National Poetry Day Blog

History and Love: On Writing a National Poetry Day Villanelle

My National Poetry Day villanelle, ‘May 8th, 2020’ takes its title from the 75th Anniversary of World War Two’s Victory in Europe Day. In my poem, I have depicted Britain as a nation of love and harm. This is a duality that is felt by myself and many other Britons of Colour. This emotional tension came into sharp focus in the summer of 2020 during Britain’s first Covid-19 lockdown and the flourishing of the Black Lives Matter movement after George Floyd’s death.

In my poem, my anger at Britain’s colonial past is filtered through the image of an enslaved woman. Her full womb is cut open before her unborn son ‘takes his first breath.’ This was a common plantation punishment during the transatlantic slave trade. It also served as a warning for other enslaved people who might want to break plantation rules. This is the unsettling truth of Britain, a nation that I love: it became rich through human exploitation. Such exploitation does not make Britain unique. However, it does mean that when this history is largely ignored by our education system, I feel offended. 

To balance these troubling images, I have filled my villanelle with scenes of love, friendship, domestic harmony: ‘my partner lays the fake grass’. This balancing act mirrors my own hate/love feelings about Britain.

The historical figure of Water Tull is one of my poem’s focal points. Born in 1888 in Folkstone to an English mother and a Barbadian father, Tull was the first outfield player of Black or Dual Heritage background to play professional football in England. Transitioning from football to war, Tull, ‘left ape chants for the Somme’s trench songs.’ Again, this strange duality: Tull fought for a nation that subjected his ancestors to slavery and spat racist words in his face.

During the carnage of the First World War, Tull rose to the rank of Second Lieutenant. This was at a time when it was against British Army rules for a non-White person to become an army officer.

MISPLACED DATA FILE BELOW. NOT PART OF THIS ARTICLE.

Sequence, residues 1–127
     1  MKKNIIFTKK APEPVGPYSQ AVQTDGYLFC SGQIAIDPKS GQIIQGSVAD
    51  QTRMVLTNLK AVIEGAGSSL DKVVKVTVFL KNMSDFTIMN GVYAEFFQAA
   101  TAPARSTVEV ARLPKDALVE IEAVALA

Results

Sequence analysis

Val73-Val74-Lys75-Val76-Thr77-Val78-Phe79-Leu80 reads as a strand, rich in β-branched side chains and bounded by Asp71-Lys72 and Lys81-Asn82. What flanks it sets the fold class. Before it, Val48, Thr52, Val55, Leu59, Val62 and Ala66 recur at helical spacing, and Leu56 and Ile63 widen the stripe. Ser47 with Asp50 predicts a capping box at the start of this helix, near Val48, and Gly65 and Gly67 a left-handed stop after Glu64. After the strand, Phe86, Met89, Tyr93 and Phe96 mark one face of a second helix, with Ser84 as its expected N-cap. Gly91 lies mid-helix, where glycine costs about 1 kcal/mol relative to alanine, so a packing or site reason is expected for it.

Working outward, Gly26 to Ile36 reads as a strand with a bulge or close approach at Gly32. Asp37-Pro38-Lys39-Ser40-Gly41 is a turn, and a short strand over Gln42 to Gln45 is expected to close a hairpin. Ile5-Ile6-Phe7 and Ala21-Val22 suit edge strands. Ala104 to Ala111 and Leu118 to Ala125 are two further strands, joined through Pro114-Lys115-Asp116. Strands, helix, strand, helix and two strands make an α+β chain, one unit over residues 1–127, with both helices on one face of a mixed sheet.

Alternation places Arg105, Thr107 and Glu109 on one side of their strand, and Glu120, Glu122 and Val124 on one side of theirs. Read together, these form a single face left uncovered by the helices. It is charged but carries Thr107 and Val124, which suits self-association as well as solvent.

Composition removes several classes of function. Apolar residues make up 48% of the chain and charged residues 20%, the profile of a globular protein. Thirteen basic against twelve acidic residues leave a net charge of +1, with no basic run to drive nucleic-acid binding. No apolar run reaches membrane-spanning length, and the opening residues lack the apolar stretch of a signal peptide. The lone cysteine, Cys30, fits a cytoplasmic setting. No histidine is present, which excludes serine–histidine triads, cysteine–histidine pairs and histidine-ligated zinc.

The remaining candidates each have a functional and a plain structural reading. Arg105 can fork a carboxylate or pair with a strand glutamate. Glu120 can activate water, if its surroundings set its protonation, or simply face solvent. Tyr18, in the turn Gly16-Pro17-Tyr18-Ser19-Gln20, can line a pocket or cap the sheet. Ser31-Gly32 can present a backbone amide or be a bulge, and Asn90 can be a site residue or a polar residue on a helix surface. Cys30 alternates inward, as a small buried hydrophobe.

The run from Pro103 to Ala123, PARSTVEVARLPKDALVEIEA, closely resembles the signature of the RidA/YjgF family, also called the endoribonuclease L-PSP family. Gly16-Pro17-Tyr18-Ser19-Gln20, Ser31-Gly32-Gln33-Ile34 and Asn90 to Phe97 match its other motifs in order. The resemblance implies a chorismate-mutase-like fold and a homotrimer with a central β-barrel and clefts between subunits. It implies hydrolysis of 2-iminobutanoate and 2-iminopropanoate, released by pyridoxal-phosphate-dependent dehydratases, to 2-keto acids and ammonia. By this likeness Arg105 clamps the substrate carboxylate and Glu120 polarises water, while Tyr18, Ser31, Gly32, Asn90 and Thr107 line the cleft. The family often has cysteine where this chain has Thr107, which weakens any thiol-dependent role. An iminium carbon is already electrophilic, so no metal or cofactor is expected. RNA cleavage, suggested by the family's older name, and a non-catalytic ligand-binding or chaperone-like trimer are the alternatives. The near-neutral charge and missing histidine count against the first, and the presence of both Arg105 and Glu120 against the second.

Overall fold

The story of Tull also reminds us that fighting racism is not the preserve of People of Colour. Without the endorsement of White army colleagues who bravely broke army rules, Tull would not have been formally recognised for his heroics. We see this too, in the English national football team. Gareth Southgate, a White man and England manager, has given all of his players license to make a public stand against racism. The boos from fans when English players take the knee are combated by the team’s solidarity. It should be noted that taking the knee is not a symbol of servitude, as some politicians have claimed, it is a symbol of defiance and respect brought to prominence by the civil rights activist and former American football quarterback, Colin Kaepernick.  

Poetry is an important part of Britain’s, and particularly Wales’, cultural identity. Therefore, I am honoured that the National Poetry Day organisers have chosen my poem to be placed on a billboard in Cardiff. It was a brave decision by all involved considering the subject matter of my poem.

During Easter 2021, I bought my youngest son the children’s biography of Walter Tull written by Micheala Morgan (yes, British history about Black people exists outside of Black History Month). I read the book with my boy and I cried. I cried because Tull died, like so many other young men, in the Somme. I also cried because I wished I had learnt about Walter Tull when I was a child. A celebrated Dual Heritage war hero would have made me feel as though People of Colour are a valued part of our society. Consequently, I would have felt less like a British outcast. 

Poetry is an important part of Britain’s, and particularly Wales’, cultural identity. Therefore, I am honoured that the National Poetry Day organisers have chosen my poem to be placed on a billboard in Cardiff. It was a brave decision by all involved considering the subject matter of my poem. As we draw nearer to Remembrance Day, 2021, I am happy that Walter Tull will be remembered. 

I am also honoured that the jazz pianist and Steinway musician, Robert Mitchell, has created two piano improvisations to accompany my villanelle. These short musical pieces can be found on the National Poetry Day website. Mitchell’s improvisations deepen the emotional energy – the joy and sorrow – that I was trying to capture in my writing. Listen to the jazz and be moved.

Overall, I hope my poem is enjoyed and shared widely. Perhaps the music of my words will help readers explore their own relationship with Britain’s military past. Or perhaps my poem will help people reflect on the nature of love.